Other elements to consider when choosing a plan are whether it includes your current doctor or medical provider, if you need vision or hearing services, and if you want additional perks such as fitness memberships or discounts on hearing aids. There are about 1.3 million people in Indiana who are eligible for Medicare, and nearly 1-in-4 was enrolled in a Medicare Advantage plan in 2018.

When selecting a Medicare plan, MacBeth said changes that are unique to your own health and lifestyle are most important to consider.

"If you have a change in income year over year or a change in health-care needs year over year, those are the ones that will dictate how you might want to look at a plan,” she said; “not necessarily changes in Medicare, because those are pretty stable from year to year."

She also noted those who need help with the cost of medication should select either a Part D plan or a Medicare Advantage plan with prescription coverage, since original Medicare doesn't cover those costs. More information on Medicare plans is available online at medicare.gov and at UHC.com.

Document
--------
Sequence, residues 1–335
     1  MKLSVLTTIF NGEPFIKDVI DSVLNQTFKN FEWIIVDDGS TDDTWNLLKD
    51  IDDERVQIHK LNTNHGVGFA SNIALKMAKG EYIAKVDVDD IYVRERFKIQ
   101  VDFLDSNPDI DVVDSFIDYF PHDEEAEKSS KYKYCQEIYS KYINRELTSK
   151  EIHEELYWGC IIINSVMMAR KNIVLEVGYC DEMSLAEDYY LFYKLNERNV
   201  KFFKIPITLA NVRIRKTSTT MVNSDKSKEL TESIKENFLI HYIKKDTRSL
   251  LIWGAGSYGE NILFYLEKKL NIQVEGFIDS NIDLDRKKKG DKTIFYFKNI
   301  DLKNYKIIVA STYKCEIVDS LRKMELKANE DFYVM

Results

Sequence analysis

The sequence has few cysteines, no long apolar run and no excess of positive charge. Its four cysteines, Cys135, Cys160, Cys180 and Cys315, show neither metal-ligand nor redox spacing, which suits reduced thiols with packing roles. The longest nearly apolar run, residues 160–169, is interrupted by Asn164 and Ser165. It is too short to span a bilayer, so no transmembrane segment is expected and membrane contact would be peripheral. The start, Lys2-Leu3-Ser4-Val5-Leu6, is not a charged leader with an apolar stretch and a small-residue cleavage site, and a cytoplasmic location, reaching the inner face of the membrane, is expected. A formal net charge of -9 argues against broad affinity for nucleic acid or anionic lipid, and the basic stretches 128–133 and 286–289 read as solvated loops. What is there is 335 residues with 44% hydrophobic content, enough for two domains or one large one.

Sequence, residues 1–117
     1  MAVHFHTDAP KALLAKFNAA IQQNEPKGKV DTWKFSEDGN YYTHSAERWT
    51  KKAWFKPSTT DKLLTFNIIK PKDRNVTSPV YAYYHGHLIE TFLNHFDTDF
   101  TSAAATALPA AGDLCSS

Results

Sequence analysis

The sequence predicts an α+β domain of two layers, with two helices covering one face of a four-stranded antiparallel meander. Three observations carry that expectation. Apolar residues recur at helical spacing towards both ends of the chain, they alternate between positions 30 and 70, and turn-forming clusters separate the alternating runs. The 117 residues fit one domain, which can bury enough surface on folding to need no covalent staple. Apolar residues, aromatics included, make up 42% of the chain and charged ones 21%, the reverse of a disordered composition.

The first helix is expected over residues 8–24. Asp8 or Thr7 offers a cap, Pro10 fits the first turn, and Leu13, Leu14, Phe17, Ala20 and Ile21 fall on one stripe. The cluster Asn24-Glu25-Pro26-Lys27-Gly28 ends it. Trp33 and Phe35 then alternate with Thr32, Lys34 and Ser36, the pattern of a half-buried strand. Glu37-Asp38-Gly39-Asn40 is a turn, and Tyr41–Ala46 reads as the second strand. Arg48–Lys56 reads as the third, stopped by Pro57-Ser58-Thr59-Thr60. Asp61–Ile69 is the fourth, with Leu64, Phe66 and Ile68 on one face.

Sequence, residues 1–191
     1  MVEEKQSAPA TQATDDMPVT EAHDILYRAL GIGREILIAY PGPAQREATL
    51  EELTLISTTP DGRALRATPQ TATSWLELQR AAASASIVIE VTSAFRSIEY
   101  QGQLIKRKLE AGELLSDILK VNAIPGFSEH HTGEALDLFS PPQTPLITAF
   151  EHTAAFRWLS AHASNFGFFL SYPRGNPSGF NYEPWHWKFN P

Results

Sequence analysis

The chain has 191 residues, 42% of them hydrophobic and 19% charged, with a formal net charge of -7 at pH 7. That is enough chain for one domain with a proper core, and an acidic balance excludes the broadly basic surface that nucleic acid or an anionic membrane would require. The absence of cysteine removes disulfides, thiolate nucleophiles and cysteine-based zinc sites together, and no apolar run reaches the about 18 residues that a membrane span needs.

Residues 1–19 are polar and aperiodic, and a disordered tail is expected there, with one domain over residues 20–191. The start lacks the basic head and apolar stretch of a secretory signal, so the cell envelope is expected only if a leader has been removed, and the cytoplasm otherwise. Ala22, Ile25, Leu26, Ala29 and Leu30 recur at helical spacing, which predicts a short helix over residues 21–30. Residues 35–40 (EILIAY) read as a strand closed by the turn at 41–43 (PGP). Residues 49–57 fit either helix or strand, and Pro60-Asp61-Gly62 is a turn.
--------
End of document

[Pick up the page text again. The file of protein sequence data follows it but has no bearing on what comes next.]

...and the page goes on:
Mary Kuhlman, Public News Service - IN


Social Issues Roundup

Enrolling in Medicare? Help is Available

Medicare supplemental plans cover prescriptions and services not covered by original Medicare. (Hayleybarcar/pixabay)

Medicare supplemental plans cover prescriptions and services not covered by original Medicare. (Hayleybarcar/pixabay)

October 15, 2018

CONCORD, N.H. — Monday is the first day of the open-enrollment period for Medicare, and there's help for anyone signing up for the first time or making changes. 

With mailboxes filled with ads for prescription drug plans and supplemental coverage, picking the right Medicare plans can be confusing. But it doesn't have to be. AARP New Hampshire is offering a free two-part webinar this week to help answer questions about which options are right for you.